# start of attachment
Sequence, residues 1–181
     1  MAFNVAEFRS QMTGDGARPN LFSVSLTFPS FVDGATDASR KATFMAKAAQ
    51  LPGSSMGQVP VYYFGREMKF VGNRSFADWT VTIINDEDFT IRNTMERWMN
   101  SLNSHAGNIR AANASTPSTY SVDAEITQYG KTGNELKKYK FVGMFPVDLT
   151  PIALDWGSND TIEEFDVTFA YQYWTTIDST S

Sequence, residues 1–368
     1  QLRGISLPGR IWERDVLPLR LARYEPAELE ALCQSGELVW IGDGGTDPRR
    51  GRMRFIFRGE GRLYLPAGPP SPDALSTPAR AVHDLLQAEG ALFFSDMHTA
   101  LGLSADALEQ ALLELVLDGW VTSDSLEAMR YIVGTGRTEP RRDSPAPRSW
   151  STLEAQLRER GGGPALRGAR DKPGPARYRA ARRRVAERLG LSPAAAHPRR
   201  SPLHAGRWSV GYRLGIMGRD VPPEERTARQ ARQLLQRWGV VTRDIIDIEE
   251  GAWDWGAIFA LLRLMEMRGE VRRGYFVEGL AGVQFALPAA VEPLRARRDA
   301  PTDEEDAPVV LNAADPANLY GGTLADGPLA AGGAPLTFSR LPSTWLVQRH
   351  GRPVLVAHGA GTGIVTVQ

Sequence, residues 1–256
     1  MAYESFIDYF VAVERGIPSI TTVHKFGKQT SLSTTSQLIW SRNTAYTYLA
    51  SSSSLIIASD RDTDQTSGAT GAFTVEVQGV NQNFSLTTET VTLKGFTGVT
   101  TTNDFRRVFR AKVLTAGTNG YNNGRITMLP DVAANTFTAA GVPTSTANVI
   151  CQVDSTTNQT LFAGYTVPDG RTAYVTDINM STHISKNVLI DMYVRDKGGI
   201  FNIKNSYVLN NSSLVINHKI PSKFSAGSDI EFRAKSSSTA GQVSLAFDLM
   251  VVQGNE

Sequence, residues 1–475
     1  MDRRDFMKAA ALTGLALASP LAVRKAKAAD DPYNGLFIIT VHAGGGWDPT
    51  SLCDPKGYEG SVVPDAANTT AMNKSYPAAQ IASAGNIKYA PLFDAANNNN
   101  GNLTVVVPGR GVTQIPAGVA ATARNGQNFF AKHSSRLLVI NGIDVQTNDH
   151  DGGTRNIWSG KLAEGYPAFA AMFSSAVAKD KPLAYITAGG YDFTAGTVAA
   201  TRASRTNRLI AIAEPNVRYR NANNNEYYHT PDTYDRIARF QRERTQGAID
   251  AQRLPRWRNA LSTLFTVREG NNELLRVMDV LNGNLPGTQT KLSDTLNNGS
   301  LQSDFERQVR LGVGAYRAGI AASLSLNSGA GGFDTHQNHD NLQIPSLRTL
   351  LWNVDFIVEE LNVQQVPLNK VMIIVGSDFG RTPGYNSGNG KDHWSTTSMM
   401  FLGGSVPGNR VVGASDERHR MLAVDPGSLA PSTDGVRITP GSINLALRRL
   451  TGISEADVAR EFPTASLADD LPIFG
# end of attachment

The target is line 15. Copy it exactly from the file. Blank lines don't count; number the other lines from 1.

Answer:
Sequence, residues 1–256